Our VNP project might encounter another kind of limitation, too. What if another intelligent civilisation had the very same idea, initiating their own expansion from their own home in a distant galaxy? Our expanding spheres would collide, putting a stop to further expansion for each of us. We don’t know if that will happen, because no one has observed a telltale cluster of engineered galaxies in the distance, but we should be open to the possibility. If we can do it, another civilisation can too – it’s just a question of how often that occurs, in the Universe. Taken as a whole, this entire process bears an uncanny resemblance to a cosmological phase transition, with ‘nucleation events’ and ‘bubble growth’ that come to fill most of the Universe. There is even ‘latent heat’ given off in the process, depending on how quickly these massive civilisations consume energy.

Despite the limitations imposed by nature, suffice it to say that a single VNP launch would offer an unimaginable wealth of the Universe’s resources to dispose of as you wish. OK, maybe not you, but whoever programs that VNP. Which raises a rather sticky point – what exactly should they do? It’s easy to imagine VNPs pillaging the resources of the Universe for no good reason, but what’s the actual benefit? What would motivate anyone to do anything like this?

The power it would manifest – millions of years in the future, of course – is so beyond the scale of human experience that we’re still in the earliest stages of imagining what to do with it. It hasn’t even begun to be digested by popular culture and entertainment. But, as a first hint, imagine that, 50 years from now, you were approached to fund a cosmic-scale VNP project. In addition to instructions to ‘reproduce and expand’, each probe will carry a vast library of genetic data and information to reconstruct human bodies and minds on each world, along with an array of plants, animals and cultural information. If you’re still reluctant to fund the project, suppose I throw in a perk: a copy of you, reconstructed with your current memories intact, installed as absolute ruler on countless worlds. Promise of an eternal reign in a heavenly realm has, after all, been known to motivate real people.

But no matter how great your god complex, all the returns-on-investment occur ‘out there’ in space and time, and won’t make anyone rich in the here and now, in the direct manner of, say, asteroid mining. After 1,000 human lifespans, cosmic expansion will still be in its infancy. Don’t expect so much as a snapshot from the nearest large galaxy for at least 5 million years. This pulls us back to the central question. If every direct, tangible benefit is deferred to a weird kind of technological afterlife, why would anyone do it?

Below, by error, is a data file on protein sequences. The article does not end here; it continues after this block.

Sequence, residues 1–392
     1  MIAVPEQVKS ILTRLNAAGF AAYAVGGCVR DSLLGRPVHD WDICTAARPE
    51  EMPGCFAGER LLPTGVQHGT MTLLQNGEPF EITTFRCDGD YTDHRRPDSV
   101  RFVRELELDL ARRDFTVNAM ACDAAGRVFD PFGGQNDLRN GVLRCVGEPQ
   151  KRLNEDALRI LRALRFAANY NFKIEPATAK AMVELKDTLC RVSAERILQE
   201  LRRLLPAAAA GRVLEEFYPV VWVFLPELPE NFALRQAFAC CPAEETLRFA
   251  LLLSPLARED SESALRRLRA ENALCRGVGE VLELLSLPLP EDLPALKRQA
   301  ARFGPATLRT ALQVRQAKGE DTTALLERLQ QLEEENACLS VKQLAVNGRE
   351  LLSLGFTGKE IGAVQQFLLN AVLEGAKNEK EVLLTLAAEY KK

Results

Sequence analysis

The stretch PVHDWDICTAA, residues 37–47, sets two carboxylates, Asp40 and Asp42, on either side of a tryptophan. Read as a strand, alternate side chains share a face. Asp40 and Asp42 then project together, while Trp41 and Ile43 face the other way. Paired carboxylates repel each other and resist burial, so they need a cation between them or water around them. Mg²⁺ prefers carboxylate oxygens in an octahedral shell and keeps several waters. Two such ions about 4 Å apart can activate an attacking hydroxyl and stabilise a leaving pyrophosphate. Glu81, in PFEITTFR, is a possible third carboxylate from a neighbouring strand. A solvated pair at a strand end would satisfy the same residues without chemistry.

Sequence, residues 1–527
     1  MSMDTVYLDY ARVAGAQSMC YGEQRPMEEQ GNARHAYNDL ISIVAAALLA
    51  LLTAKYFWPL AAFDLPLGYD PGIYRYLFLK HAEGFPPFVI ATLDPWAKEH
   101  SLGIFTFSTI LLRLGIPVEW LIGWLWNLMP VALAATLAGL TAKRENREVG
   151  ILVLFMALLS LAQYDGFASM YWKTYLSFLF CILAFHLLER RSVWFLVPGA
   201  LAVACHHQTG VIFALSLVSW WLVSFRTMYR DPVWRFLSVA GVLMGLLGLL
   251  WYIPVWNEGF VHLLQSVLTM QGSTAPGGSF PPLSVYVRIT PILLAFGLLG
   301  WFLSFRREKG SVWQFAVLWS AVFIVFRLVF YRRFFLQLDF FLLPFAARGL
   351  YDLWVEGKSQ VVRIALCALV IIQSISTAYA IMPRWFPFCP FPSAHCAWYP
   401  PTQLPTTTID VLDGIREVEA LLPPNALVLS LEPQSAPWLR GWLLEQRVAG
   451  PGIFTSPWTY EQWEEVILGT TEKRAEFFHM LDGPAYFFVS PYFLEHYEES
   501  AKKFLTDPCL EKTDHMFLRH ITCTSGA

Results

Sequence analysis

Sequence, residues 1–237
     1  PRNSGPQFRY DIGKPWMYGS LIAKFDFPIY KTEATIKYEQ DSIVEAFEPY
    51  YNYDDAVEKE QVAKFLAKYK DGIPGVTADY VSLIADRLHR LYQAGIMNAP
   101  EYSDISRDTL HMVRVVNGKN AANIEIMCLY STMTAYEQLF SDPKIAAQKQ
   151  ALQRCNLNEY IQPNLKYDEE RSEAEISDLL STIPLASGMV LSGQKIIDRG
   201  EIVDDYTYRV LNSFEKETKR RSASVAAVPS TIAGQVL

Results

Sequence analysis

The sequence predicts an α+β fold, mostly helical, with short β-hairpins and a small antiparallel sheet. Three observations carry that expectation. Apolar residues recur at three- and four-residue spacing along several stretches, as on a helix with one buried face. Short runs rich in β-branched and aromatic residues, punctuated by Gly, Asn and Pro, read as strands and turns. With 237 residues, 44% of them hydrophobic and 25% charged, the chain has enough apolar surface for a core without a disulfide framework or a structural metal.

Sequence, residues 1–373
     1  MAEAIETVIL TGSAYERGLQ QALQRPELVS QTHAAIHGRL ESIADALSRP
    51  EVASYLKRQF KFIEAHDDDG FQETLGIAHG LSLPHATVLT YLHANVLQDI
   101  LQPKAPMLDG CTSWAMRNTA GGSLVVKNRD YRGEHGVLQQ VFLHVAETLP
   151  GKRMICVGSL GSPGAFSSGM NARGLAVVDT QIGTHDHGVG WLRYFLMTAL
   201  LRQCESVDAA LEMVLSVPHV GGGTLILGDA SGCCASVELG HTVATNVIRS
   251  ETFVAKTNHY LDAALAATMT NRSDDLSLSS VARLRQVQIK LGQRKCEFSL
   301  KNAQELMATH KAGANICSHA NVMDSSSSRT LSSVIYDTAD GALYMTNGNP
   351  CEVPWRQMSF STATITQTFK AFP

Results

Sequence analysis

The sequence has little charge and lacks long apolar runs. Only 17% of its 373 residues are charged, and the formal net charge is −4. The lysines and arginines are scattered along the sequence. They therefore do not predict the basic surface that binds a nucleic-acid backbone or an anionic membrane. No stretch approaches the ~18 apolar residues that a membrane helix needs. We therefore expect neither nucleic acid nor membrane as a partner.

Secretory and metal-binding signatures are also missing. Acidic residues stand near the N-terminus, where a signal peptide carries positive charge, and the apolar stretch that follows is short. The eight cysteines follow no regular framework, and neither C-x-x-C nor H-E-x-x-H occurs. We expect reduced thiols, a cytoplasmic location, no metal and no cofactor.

The real product of the early space programme was a taste of a new kind of purpose and meaning

At least one answer has been considered by people who think about artificial superintelligence. Maybe we won’t do it – maybe a super-AI will do it for some arcane instrumental reason that doesn’t pay off for billions of years (aggressive resource-acquisition benefits almost any sufficiently long-term goal). I don’t find this answer too satisfying. It’s basically saying that humans will launch VNPs indirectly, by failing to put any limits on an AI’s behaviour. Yes, it could happen, but it doesn’t seem too likely. No doubt the superintelligence control problem is a serious challenge. But writing instructions that constrain an AI to a small region of spacetime should not be the slippery sort of problem that is infinitely easy to get wrong (unlike instructions to ‘make everyone happy’).

Generally, I sense that invoking super-AI makes little difference to the question. ‘Why would anyone do it?’ just becomes ‘Why would anyone use super-AI to do it’? A real answer has to lie with human incentives in the present, on Earth.

So, if there is no direct product in the present, what about the indirect products, that do occur in the here and now? This is where the answer must lie. Space programmes have known about these since Apollo. The early space programme did generate some tech spin-offs, but the real product was something different – it was a taste of a new kind of purpose and meaning, as we constructed the story of humanity’s first tenuous steps into a new realm. In the kind of VNP project we’re imagining here, human meaning will be embedded in a cosmic story spanning billions of years, superclusters of galaxies, and a narrative that grants special status to those who participate. The story will contain a moral dimension too, since you’ll need an overpowering moral imperative to justify appropriating galaxies. Regardless of whether a moral imperative exists at present, if a demand for one exists, a supply will emerge to fill it.

Let’s be sceptical of that last sentence. Perhaps we’re offended by this entire discussion, and conclude that humanity must not despoil the cosmos with VNPs. Further, suppose we have total faith in our ability to convince the world that a ‘no cosmic expansion’ philosophy is the best vision. Well, that’s not good enough, because this philosophy must also compete for all future opinions.